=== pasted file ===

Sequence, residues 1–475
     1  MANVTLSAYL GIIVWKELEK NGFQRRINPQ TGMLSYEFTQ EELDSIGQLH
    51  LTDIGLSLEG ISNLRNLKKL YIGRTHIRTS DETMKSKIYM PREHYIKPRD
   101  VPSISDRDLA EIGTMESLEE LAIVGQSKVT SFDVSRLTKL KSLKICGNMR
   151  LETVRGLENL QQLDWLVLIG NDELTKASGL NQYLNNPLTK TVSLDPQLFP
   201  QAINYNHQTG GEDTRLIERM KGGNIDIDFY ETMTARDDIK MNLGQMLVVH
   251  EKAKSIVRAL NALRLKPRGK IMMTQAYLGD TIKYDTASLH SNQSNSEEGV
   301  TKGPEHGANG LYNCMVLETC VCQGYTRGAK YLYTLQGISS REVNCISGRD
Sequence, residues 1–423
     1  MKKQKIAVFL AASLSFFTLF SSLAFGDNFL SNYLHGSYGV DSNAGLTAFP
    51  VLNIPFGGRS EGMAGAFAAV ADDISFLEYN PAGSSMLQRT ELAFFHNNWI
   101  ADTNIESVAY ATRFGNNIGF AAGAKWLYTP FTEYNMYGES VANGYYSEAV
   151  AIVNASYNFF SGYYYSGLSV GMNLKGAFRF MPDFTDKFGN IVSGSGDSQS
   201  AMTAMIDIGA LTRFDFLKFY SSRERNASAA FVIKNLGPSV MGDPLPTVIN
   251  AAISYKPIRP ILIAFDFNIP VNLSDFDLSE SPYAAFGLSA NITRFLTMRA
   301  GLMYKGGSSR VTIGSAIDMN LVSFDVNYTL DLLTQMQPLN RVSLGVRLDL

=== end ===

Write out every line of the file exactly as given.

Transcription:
Sequence, residues 1–475
     1  MANVTLSAYL GIIVWKELEK NGFQRRINPQ TGMLSYEFTQ EELDSIGQLH
    51  LTDIGLSLEG ISNLRNLKKL YIGRTHIRTS DETMKSKIYM PREHYIKPRD
   101  VPSISDRDLA EIGTMESLEE LAIVGQSKVT SFDVSRLTKL KSLKICGNMR
   151  LETVRGLENL QQLDWLVLIG NDELTKASGL NQYLNNPLTK TVSLDPQLFP
   201  QAINYNHQTG GEDTRLIERM KGGNIDIDFY ETMTARDDIK MNLGQMLVVH
   251  EKAKSIVRAL NALRLKPRGK IMMTQAYLGD TIKYDTASLH SNQSNSEEGV
   301  TKGPEHGANG LYNCMVLETC VCQGYTRGAK YLYTLQGISS REVNCISGRD
Sequence, residues 1–423
     1  MKKQKIAVFL AASLSFFTLF SSLAFGDNFL SNYLHGSYGV DSNAGLTAFP
    51  VLNIPFGGRS EGMAGAFAAV ADDISFLEYN PAGSSMLQRT ELAFFHNNWI
   101  ADTNIESVAY ATRFGNNIGF AAGAKWLYTP FTEYNMYGES VANGYYSEAV
   151  AIVNASYNFF SGYYYSGLSV GMNLKGAFRF MPDFTDKFGN IVSGSGDSQS
   201  AMTAMIDIGA LTRFDFLKFY SSRERNASAA FVIKNLGPSV MGDPLPTVIN
   251  AAISYKPIRP ILIAFDFNIP VNLSDFDLSE SPYAAFGLSA NITRFLTMRA
   301  GLMYKGGSSR VTIGSAIDMN LVSFDVNYTL DLLTQMQPLN RVSLGVRLDL